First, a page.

There is no question as to the existence of the depression and its resulting demoralizing influence upon the price received by producers for milk, as well as for all agricultural products, nor the advisability of some regulations by the Congress; but the question whether or not the Congress has the power and authority to control in this manner the fixing of a price which a distributor must pay to a producer where he is engaged solely in intrastate business presents a serious question for determination.

The defendants set up a great number of defenses which primarily may be classified as follows: (1) That the Agricultural Adjustment Act is unconstitutional in delegating legislative authority to the Secretary of Agriculture, (2) that the license and its provisions are arbitrary and unreasonable and hence invalid as not being due process of law, (3) that milk license No. 31, by its own terms, belies its interstate character and is beyond the power delegated to the federal government, and (4) that the business of the Hillcrest Dairy is not in the current of interstate commerce and is therefore not subject to federal control.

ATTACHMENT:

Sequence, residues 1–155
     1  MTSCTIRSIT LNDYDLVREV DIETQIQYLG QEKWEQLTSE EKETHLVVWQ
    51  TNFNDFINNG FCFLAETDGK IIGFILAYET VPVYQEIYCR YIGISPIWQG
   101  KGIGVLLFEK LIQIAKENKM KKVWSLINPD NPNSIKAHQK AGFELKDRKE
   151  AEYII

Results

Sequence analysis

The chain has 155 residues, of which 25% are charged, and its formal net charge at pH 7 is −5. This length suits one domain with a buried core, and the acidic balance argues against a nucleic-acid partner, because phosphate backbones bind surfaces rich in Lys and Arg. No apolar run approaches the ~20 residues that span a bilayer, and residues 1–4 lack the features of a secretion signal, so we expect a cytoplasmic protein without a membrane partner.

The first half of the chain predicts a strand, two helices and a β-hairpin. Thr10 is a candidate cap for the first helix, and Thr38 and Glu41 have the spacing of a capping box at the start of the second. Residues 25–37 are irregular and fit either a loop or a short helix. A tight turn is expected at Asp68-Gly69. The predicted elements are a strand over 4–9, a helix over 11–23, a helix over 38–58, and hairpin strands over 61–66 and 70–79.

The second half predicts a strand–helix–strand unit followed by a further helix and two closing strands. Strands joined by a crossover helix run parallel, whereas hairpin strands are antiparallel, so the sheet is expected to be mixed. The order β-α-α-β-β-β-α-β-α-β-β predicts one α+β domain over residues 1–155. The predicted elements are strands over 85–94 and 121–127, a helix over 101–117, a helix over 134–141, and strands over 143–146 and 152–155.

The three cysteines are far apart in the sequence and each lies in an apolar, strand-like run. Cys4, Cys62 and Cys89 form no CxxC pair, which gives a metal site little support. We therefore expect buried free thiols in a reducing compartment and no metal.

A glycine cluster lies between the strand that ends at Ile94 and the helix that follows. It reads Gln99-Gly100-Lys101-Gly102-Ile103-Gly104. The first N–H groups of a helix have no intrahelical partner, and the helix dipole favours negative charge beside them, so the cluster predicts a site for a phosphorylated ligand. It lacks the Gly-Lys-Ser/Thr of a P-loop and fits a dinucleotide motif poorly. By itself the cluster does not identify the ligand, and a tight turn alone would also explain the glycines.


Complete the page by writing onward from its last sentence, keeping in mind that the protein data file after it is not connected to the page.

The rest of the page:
We consider the latter defense as determinative of the questions presented.

Under the state of facts presented it is unnecessary to pass upon the questions of the power of Congress to control business engaged in interstate commerce under the Agricultural Adjustment Act (7 USCA § 601 et seq.), nor the constitutionality of its delegation of authority to the Secretary of Agriculture. For, granting this power and authority, it is apparent that under the facts here the Secretary may not license or regulate the business of the defendants where it is conducted entirely within the state of Iowa.

The power granted is to license "others" to engage in the handling of any agricultural commodity in the current of interstate commerce.

Not only is the power limited to handling commodities in interstate commerce, but in the current" thereof.

The government of the United States is one of limited powers. The Tenth Amendment to the Constitution expressly so declares: "The powers not delegated to the United States by the Constitution, nor prohibited by it to the States, are reserved to the States respectively, or to the people."

And Amendment 9 provides: "The enumeration in the Constitution, of certain rights, shall not be construed to deny or disparage others retained by the people."